By Mary M. C. KEMBALL,
NatiOna1 President of the Union of Catholic Mothers THE, JUVENILE OFFENDER, by G. L. Reakes, J.P. (Johnson, 10s. 64.). AT a time when so much attention is given (and rightly) to the question of juvenile delinquency and when so many scientific studies are presented, it is a relief to read a perfectly ordinary book on the subject.
Mr. Reakes. in The juvenile Offender, does not set out to make any scientific contribution to this problem. This is a book written by an experienced .magistrate who has devoted many years to the study of the root causes of a problem about which all serious-minded citizens are gravely concerned. There is no royal road to the solution of the problem of juvenile delinquency. but Mr. Justice Lynskey reminds us in a foreword to this book that "experience has shown that it is between the ages of 16 and 21 that the majority of criminals arc made."
It is, therefore, of the greatest importance that those who have the care and training of children and young people should appreciate how much depends on the way they accept their responsibilities. .
Mr. Reakes leaves the reader in no doubt as to the position of parents in this matter. Indeed he makes amply clear that the failure of many presentday parents to exercise parental control is largely responsible for the numbers of young people who find their way to the juvenile courts. And he reminds us forcibly.that the children need the more stern control that young people associate with and expect from the father of the home.
FAR too much responsibility in the matter of discipline of the family (and who will deny that discipline is necessary?) is left to the mother. This shelving of responsibility on the part of the modern father leaves the often harassed mother with more than her fair share in the upbringing of the family.
The author points out how often, even when a child is summoned to court and the father is likewise summoned as the guardian of the child, the father fails to appear—evidence . .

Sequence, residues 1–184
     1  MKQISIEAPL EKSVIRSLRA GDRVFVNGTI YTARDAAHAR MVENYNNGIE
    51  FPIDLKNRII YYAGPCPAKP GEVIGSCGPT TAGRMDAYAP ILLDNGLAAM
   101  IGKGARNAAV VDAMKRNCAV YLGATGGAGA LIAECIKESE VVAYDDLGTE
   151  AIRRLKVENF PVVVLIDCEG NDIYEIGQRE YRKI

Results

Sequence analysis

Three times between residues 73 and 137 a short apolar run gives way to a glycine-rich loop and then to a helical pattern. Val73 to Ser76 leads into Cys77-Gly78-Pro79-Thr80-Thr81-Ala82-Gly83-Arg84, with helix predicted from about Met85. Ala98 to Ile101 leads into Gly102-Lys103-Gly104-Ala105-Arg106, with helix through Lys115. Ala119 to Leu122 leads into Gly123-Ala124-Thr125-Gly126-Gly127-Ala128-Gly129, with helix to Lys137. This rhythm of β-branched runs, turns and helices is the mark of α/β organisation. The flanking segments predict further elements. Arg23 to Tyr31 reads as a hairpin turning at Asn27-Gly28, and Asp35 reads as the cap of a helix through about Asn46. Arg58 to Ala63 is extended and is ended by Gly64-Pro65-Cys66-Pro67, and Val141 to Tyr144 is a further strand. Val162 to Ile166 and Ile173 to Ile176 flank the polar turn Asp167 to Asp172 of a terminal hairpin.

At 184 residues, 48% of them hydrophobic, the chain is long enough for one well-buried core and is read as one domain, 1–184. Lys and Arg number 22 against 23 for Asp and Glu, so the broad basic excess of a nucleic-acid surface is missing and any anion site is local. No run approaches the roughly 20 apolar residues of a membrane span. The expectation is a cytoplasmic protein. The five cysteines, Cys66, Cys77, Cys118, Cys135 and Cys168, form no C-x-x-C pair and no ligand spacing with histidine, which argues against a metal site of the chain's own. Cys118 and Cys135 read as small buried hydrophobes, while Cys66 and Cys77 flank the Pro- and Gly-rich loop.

again of his complete indifference to the serious situation in which his child finds himself. Throughout the book one senses the author's insistence on the contribution that a stable home background gives to young people. He instances the need for the constant care and attention of the mother, the impossible situation that develops —indeed it can hardly be avoided— when father and mother are both working outside the home: the breakup of the home by separations which leave the children bewildered and illS equipped to resist the many temptations of our modern way of life. A vigorous campaign to inake parents realise their responsibilities
will help more effectively than in any other way towards a solution of this problem. To leave the solution to the schools. the courts or the State is surely a confession of failure on the part of the parents.
now rourts stork T is highly desirable that the public 'generally should be well informed on the mechanics of a juvenile court and the modern methods of dealing with the young delinquent. Towards this end Mr. Reakes has set out clearly and in fair detail the position and duties of magistrates in the juvenile courts. A careful study will show that our aim is to rehabilitate and that even when the extreme course is taken and a young person is sent to an approved school and so removed for a time from the parental home, the whole idea is to rehabilitate and make the young parson fit and ready to he a law-abiding citizen aware of his responsibilities to himself, his borne and other members of the community. Although there are many who will disagree with the author's views on the restoration of corporal punishment ordered by the courts, most magistrates will agree that a good thrashing by the right person at the right time would prevent the appearance of many young delinquents.
This book, which is extremely well produced, should be read by parents, teachers and social workers, for its wealth of information and its cornpletely sane approach to one of the most difficult problems of our times.